I came across this interesting article: How I Came to Love COM Interoperability on CodeProject, which got me thinking...

The author argues that they do not want any COM-ities in their .NET library because it takes away from the beauty of their .NET library. Instead, they'd rather write a separate Interop library that exposes their .NET library to COM. This Interop library would handle the fact that COM doesn't support Constructors with Parameters, Overloaded Methods, Generics, Inheritance, Static Methods, etc.

And while I think that is very novel, doesn't it just complect the project?

  • Now you need to unit test your .NET library AND an Interop library.
  • Now you need to spend time figuring out how to work around your beautiful .NET library and expose it to COM.
  • You need to, effectively, double or triple your class count.

I can certainly understand if you need your library to support both COM and non-COM. However, if you only intend to use COM does this sort of design bring any benefits that I don't see? Do you only gain the benefits of the C# language?

Or, does it make versioning your library easier by providing you a wrapper? Does it make your Unit Tests run faster by not requiring the use of COM?

  • 2
    You mean, besides being able to use useful tools to make the real code better/cleaner? And providing a clear migration path for that (presumably legacy) COM stuff?
    – Telastyn
    Commented Mar 24, 2015 at 15:10
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    This is like an facade pattern writ large over a whole namespace. I think it is smart to organize it like this if you want to use .NET features but really need OLE Automation. Your COM wrappers will basically be to convert modern (immutable? generic?) idioms into older COM objects with parameterless constructors, heavily mutable objects, and SAFEARRAYs for your generic lists. If you are supporting other .NET components or are totally in love with the new styles this would make sense. If you are ONLY supporting COM, then why not write the whole thing in VB6 (32 bit) and keep only one idiom?
    – Mike
    Commented Mar 24, 2015 at 15:29
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    @MasonWheeler: It's deprecated in the same way all software older than 6 months is "legacy", am I right? Commented Mar 24, 2015 at 15:37
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    @MasonWheeler COM cannot be depreciated no matter how much people (including some groups within Microsoft) would wish it because it is still the best choice to control things out-of-process.
    – Mike
    Commented Mar 24, 2015 at 15:47
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    @Mike, I'm actually looking at porting a VB6 project to C# .NET. The user-facing APIs we use are very simple, however, the code behind the scenes is not maintainable as-is. I'm hoping to implement majority of the library in C# .NET and provide an Interop Facade that provides the simple APIs that interact with the various classes. Commented Mar 24, 2015 at 18:06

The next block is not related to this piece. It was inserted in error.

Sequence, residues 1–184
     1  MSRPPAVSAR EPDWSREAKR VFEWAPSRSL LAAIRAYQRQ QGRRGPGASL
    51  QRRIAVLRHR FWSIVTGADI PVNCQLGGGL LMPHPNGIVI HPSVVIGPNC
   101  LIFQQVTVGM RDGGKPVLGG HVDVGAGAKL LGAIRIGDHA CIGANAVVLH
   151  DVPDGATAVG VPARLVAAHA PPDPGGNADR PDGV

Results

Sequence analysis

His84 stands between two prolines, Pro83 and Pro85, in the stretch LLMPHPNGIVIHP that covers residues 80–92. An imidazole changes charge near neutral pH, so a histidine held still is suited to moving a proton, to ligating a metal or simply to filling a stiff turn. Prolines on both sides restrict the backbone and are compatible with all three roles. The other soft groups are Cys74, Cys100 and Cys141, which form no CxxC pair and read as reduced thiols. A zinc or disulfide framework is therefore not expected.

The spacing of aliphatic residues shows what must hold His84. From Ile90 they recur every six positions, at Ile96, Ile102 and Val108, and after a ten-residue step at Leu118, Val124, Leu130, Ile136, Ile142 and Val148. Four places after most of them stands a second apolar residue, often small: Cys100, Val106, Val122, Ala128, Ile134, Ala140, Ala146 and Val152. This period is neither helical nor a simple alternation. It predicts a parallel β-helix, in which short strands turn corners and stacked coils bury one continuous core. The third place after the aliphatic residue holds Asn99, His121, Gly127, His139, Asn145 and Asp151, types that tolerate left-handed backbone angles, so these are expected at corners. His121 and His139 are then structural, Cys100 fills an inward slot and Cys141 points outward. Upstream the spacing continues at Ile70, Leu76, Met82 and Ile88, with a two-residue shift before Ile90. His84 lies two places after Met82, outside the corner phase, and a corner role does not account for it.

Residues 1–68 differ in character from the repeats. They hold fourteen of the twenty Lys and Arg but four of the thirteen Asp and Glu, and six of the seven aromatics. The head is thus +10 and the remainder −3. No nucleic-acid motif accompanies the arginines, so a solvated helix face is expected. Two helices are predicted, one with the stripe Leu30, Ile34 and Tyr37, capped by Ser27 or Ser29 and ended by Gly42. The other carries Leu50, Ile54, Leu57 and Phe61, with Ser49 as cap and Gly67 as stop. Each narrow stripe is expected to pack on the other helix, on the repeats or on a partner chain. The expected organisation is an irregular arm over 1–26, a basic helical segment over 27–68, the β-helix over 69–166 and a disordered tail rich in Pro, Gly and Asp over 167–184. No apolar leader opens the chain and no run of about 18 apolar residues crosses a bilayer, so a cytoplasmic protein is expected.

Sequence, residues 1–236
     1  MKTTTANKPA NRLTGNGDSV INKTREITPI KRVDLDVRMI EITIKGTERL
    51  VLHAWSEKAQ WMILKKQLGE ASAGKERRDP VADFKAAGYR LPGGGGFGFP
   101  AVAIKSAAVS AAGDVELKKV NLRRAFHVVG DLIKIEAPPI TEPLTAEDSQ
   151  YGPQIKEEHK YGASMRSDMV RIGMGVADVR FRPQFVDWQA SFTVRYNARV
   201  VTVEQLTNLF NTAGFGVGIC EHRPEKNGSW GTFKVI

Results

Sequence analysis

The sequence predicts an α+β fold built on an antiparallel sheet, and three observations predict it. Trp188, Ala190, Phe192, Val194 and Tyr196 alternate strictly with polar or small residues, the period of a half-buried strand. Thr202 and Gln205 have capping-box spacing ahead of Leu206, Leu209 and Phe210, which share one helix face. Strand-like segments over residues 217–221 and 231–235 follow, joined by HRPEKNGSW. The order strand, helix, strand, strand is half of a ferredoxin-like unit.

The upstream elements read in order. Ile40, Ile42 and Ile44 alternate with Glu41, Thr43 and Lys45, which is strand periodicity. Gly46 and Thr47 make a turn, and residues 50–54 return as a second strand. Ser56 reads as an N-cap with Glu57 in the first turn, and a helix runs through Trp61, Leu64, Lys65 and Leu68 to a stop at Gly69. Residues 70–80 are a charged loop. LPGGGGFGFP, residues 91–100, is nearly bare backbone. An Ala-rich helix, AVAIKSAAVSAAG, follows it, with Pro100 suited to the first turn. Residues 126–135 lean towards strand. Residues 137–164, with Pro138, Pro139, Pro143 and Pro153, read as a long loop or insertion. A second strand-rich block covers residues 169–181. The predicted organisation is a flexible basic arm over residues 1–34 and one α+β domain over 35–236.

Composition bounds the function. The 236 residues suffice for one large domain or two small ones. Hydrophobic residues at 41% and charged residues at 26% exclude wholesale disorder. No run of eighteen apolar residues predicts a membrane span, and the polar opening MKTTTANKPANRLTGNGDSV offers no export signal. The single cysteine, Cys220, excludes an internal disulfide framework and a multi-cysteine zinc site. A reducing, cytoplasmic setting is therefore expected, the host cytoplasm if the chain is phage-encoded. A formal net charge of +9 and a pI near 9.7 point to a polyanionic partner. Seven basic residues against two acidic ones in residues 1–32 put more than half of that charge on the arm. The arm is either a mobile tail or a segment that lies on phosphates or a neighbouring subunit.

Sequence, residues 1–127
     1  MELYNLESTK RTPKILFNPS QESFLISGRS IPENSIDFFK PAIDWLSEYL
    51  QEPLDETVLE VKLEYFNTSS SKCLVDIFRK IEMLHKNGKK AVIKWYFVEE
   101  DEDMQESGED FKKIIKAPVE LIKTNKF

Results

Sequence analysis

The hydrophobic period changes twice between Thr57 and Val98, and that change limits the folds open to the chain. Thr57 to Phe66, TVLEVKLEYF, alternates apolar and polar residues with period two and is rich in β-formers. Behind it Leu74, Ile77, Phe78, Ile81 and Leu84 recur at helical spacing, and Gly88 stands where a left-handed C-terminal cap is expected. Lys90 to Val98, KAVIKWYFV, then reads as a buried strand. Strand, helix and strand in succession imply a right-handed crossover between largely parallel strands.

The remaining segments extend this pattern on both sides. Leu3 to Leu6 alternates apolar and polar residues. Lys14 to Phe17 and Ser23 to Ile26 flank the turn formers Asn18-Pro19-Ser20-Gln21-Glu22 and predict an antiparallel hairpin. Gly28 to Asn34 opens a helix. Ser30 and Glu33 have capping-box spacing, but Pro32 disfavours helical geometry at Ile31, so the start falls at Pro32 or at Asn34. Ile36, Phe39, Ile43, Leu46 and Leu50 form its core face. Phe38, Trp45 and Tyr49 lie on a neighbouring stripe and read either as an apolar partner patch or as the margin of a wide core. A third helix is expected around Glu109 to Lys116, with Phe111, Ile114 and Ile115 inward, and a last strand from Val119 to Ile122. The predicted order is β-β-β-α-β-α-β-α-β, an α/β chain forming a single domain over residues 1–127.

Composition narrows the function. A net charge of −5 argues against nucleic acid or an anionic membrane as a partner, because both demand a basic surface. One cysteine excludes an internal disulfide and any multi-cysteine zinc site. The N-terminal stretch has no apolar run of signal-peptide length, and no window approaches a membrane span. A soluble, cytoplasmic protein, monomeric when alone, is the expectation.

3 Answers 3


However, if you only intend to use COM does this sort of design bring any benefits that I don't see?

This snippet of your question is the most important part of your design decision here, and the answer is (as always) it depends.

If you only intend to use the library via COM Interop, then you should design the entire system with this in mind. There is no reason to triple the line count. The more LoC in the system, the more defects it will have. You should therefore design your system to only use COM compatible functionality.

However, I can't think of a good reason to restrict the use of a .Net library to COM. Why wouldn't you want to be able to use the assembly in other .Net code? It makes little sense to limit yourself this way.

I have some experience with this, so I will share how I have handled it. Its certainly not ideal. I have made some trade offs. I only use a facade for COM classes (interfaces really) that are incompatible with the newer .Net idioms, otherwise, I directly expose the .Net interface to COM. This basically means that I use a facade for any interface that uses generics. Generics are the only thing I've come across that are just simply incompatible. Unfortunately, this means a facade for anything that returns an IEnumerable<T>, which is fairly common.

However, this isn't nearly as bad as it seems to be, because your facade class inherits from your .Net class and implements a specific Interop interface. Something like this.

namespace Company.Product.Feature
    public class MyClass : INetInterface 
        // lots of code

namespace Company.Product.Interop
    public class MyClass : Feature.MyClass, IComInterface
        // over ride only the  incompatible properties/methods

This keeps your duplicate code to an absolute minimum and protects your COM interface from "unintentional" changes. As your core class/interface change, your adapter class has to over ride more methods (or break the interface and bump the major version number). On the other hand, not all of your Interop code is stored in the Interop namespace, which can lead to a confusing file organization. Like I said, it's a trade off.

For a full blown example of this, you can browse through the SourceControl and Interop folders of my repo. ISourceControlProvider and GitProvider will be of particular interest.

  • Thanks for the response @RubberDuck! I ran across the RubberDuck project a few days ago; it's been very interesting reading through the code. Are you able to pass IEnumerable to VBA? Also, in the Rubberduck.Interop.GitProvider why do you defined parameterized constructors if COM doesn't support them? Commented Apr 6, 2015 at 16:16
  • Yes, you can pass an IEnumerable through COM, but it has to be the older, non-generic version. As for the constructors, take a look at the SourceControlClassFactory. Basically, you fake it by initializing an instance of a class that doesn't need parameters for its ctor and using it to gain access to new instances of your API's classes.